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Vice-Chancellor Message – 26 February 2021

vice chancellor message

Dear UJ Community

Earlier this week, as I watched the Minister of Finance, Hon. Tito Mboweni deliver the 2021 Budget Speech, I could not help thinking about the situation at our University. My mind kept shifting to UJ’s de facto ‘Minister of Finance’, the Chief Financial Officer Ms. Nolwazi Mamorare, and her team. I thought about the impressive balancing act they have undertaken to keep our University afloat, given the COVID-19 choppy waters we are sailing in.

Our various faculties and departments can attest to this, because of the budget cuts and austerity measures they have had to operate under, as we seek to lessen the impact of the COVID-19 restrictions on our University and maintain a Business Continuity Plan. Just as the Minister used the analogy of the scenic R71 road that meanders through the misty mountains of Magoebaskloof, navigating the challenges of a tight but sound budget is an intricate process that requires us to walk the proverbial tightrope and make sacrifices, personally and collectively.

This challenging context was perhaps underlined by the fact that Minister Mboweni did not immediately announce any funding for the higher education sector. He only stated that the “government remains committed to ensuring that deserving students are supported through higher education (and that) the ‘National Treasury is working with the Department of Higher Education and Training to work on policy and funding options that will be detailed in the MTBPS (Medium Term Budget Policy Statement)’. And so, we wait – as we continue to do more with less. As the African saying goes, “the usefulness of a well is known when it dries up”.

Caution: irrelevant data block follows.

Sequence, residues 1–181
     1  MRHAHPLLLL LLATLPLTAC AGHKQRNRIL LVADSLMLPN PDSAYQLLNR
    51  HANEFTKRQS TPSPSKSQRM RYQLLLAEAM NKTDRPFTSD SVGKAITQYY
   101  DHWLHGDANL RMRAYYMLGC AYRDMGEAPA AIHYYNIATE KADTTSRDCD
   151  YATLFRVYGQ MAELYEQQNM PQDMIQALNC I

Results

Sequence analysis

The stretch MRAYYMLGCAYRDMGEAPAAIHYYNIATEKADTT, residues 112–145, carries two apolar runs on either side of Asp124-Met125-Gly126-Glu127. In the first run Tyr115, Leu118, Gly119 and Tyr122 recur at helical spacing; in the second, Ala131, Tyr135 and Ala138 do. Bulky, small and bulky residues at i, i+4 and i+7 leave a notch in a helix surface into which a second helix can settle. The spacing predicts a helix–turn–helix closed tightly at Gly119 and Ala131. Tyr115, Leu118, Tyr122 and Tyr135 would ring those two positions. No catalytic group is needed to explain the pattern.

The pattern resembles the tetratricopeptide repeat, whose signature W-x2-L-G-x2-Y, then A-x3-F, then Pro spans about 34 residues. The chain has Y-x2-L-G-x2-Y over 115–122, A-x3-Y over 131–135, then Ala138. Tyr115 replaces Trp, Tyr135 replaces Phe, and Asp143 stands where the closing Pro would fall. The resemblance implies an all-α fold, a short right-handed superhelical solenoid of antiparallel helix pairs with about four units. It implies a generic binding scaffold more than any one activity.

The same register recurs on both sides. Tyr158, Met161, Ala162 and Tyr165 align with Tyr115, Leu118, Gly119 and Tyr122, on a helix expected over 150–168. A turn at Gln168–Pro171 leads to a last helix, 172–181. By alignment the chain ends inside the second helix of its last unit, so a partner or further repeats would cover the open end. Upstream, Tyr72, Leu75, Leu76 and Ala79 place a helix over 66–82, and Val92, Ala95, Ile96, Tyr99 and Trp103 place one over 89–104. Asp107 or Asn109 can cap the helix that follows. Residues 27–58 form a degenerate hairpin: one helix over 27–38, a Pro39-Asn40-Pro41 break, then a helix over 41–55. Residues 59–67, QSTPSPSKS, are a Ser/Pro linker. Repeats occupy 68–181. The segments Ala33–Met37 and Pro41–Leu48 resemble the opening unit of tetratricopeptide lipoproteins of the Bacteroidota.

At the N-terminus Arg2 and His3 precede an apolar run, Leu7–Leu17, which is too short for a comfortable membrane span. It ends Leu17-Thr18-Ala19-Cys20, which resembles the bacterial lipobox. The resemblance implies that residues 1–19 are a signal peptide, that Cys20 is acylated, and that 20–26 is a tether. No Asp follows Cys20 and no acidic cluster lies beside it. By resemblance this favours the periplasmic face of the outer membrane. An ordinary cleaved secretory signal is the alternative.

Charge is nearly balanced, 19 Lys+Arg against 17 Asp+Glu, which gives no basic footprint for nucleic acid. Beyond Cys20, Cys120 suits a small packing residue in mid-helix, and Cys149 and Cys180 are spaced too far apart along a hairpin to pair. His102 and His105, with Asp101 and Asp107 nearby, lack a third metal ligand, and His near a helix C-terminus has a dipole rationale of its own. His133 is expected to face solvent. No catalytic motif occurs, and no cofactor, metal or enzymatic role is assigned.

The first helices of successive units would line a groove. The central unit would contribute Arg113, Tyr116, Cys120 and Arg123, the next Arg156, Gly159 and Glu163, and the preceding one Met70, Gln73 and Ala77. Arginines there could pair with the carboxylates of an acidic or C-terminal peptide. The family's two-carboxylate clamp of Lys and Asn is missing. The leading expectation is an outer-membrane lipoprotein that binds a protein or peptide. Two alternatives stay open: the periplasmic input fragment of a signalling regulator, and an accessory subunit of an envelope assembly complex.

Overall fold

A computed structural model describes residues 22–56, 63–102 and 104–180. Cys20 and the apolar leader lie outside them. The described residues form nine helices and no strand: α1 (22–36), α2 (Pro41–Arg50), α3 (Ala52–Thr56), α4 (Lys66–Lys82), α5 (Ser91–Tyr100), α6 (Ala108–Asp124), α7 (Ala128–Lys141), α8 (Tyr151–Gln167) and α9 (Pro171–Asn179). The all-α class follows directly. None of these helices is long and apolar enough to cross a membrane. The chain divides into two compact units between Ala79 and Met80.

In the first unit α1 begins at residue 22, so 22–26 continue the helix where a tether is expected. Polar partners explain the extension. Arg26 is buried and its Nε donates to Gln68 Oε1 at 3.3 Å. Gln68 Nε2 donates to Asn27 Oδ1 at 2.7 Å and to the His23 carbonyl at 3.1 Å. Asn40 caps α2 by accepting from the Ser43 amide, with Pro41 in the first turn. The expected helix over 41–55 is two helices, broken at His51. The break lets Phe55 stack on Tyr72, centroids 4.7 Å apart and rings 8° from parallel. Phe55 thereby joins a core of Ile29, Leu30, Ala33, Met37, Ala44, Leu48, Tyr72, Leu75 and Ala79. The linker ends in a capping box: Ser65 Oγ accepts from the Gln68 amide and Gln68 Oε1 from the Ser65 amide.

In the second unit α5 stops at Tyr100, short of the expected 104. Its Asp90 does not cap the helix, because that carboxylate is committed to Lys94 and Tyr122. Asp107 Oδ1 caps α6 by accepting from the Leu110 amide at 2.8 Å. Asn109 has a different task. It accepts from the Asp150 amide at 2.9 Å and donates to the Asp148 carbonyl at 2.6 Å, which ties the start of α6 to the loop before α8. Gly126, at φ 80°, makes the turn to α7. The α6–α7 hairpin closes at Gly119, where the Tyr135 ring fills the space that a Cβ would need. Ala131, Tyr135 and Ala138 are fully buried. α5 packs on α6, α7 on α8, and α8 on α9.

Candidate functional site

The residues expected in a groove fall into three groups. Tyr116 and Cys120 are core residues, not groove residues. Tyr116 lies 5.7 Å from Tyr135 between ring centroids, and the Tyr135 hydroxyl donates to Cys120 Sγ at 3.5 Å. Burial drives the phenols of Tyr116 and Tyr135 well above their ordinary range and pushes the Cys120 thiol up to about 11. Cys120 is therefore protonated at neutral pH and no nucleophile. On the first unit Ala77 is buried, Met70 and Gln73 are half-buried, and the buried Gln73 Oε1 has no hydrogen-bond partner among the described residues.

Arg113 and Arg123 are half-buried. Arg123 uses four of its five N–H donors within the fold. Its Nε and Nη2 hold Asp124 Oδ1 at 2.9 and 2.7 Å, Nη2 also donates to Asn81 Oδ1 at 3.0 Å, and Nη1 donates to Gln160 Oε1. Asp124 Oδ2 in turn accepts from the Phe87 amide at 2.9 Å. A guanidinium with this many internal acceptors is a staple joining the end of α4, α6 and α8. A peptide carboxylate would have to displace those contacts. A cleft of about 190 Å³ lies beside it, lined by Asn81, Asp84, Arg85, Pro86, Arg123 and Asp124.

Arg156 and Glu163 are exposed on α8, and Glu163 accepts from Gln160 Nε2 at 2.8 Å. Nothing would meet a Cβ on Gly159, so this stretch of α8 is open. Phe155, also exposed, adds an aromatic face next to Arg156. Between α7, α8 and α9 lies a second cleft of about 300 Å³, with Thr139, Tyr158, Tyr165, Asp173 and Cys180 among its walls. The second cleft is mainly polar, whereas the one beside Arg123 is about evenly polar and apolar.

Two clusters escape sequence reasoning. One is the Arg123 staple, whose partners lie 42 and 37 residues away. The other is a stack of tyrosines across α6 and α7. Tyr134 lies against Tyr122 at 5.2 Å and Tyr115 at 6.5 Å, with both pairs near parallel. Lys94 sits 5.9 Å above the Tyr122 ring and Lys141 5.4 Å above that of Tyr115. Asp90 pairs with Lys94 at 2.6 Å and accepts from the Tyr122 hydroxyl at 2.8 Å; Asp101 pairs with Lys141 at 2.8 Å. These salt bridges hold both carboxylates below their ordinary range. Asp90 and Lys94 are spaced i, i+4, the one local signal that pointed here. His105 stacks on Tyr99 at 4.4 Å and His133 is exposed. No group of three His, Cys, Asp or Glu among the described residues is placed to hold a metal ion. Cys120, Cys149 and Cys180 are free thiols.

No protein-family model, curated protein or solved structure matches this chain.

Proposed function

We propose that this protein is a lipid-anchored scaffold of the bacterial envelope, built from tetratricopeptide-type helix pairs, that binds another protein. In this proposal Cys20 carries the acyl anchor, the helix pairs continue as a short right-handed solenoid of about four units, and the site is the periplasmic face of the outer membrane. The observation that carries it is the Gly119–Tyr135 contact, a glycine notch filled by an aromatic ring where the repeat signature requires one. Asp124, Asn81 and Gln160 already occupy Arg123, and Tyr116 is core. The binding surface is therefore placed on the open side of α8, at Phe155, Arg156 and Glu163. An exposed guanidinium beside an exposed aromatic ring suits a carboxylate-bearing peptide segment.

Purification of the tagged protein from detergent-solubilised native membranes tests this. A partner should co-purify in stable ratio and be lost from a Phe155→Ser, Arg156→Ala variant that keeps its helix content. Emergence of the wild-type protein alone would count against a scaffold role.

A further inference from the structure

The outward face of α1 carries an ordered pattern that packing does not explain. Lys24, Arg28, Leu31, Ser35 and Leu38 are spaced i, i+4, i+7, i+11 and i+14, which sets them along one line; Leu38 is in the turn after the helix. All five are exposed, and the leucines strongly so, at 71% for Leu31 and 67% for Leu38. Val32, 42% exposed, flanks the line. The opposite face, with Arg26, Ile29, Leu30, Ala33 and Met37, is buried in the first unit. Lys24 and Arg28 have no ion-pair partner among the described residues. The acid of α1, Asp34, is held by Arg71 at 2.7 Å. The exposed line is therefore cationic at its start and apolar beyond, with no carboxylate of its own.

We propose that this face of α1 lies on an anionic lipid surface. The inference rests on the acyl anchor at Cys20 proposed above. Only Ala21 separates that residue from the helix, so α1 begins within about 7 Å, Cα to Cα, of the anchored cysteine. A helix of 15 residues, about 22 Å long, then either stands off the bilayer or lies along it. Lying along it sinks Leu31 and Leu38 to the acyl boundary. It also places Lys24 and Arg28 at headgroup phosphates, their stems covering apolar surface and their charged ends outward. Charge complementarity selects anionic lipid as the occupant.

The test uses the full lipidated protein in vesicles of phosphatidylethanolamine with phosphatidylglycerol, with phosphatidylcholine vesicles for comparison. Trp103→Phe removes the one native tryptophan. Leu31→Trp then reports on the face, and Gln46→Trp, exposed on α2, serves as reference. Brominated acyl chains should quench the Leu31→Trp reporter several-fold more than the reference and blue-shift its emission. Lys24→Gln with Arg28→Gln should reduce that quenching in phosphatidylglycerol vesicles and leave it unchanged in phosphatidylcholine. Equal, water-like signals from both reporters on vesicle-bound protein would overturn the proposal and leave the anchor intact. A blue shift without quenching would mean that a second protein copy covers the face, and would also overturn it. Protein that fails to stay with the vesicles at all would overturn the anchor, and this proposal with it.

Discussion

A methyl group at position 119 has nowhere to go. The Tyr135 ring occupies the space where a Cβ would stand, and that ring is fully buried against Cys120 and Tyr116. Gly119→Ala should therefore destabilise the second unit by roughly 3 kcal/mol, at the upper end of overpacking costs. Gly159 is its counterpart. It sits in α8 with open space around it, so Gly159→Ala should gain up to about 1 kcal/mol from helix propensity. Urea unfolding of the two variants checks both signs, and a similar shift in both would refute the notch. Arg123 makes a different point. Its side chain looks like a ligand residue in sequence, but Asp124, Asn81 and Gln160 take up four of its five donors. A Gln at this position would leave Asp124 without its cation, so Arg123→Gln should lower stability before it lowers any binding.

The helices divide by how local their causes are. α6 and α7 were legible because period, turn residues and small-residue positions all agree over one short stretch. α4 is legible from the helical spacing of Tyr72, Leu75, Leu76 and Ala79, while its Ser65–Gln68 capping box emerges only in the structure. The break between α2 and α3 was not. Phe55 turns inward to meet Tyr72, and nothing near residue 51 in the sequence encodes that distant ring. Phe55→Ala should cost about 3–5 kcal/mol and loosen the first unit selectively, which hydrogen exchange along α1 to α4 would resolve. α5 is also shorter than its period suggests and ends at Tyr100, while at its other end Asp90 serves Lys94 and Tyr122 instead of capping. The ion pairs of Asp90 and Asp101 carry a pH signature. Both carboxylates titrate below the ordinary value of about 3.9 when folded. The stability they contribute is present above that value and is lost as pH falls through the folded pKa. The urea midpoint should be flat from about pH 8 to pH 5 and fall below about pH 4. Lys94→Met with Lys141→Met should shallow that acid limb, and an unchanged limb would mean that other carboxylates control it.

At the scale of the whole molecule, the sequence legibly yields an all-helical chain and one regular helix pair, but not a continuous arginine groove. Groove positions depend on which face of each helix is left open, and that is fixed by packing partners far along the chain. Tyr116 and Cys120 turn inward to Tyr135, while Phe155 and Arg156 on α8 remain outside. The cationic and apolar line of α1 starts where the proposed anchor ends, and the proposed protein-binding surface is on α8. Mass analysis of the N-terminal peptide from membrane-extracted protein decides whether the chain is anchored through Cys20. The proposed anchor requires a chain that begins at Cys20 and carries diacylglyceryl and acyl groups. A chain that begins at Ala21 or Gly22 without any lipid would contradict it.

Lest we forget; the Budget Speech came against the backdrop of Statistics SA’s latest Quarterly Labour Force Survey, painting yet another grim picture of the country’s unemployment rate. As a University, we are acutely aware of the predicament that many of our people find themselves. It was against this context that last week we announced a further extension of registrations for returning and senior students until this coming Sunday, 28 February 2021.

We also implemented temporary access to the UJ Learning Management System (i.e, Blackboard) for non-registered students until registrations close on 28 February 2021. This is to ensure that students can keep up with their academic activities while sorting out any possible financial issues in order to register.

Still on matters of enrolments, we opened registrations for first-year students this week on Tuesday, 23 February, after the release of the Grade 12 results. For more on this, as well as details on the start of academic activities for first-year students and the comprehensive online study support services for new and returning students, please click here for the UJ COVID-19 Update shared with the University community recently. You may also visit our website, www.uj.ac.za for this information.